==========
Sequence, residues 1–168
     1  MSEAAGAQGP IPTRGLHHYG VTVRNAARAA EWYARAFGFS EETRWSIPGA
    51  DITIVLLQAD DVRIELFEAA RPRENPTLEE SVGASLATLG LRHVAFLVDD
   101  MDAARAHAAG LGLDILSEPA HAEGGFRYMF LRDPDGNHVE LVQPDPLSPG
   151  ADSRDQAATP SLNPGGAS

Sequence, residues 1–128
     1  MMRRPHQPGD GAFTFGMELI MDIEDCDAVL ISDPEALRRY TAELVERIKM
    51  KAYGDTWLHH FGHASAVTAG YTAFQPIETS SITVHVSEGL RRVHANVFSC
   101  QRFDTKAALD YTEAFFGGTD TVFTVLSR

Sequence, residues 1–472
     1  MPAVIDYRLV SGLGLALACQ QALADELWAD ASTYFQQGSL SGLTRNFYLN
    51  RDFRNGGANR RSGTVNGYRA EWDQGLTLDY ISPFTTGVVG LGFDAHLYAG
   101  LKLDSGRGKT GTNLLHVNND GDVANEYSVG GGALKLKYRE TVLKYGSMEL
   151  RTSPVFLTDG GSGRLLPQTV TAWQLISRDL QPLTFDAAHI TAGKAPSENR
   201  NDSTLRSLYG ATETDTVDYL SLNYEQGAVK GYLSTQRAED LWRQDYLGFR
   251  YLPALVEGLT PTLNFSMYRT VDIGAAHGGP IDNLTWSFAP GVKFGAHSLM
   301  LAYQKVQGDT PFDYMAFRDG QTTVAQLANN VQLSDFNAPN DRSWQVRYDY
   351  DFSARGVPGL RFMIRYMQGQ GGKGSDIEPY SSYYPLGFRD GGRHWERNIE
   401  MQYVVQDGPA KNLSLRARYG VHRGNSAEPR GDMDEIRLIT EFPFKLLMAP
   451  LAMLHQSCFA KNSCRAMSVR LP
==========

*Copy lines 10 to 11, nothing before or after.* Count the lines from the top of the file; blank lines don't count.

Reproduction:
Sequence, residues 1–472
     1  MPAVIDYRLV SGLGLALACQ QALADELWAD ASTYFQQGSL SGLTRNFYLN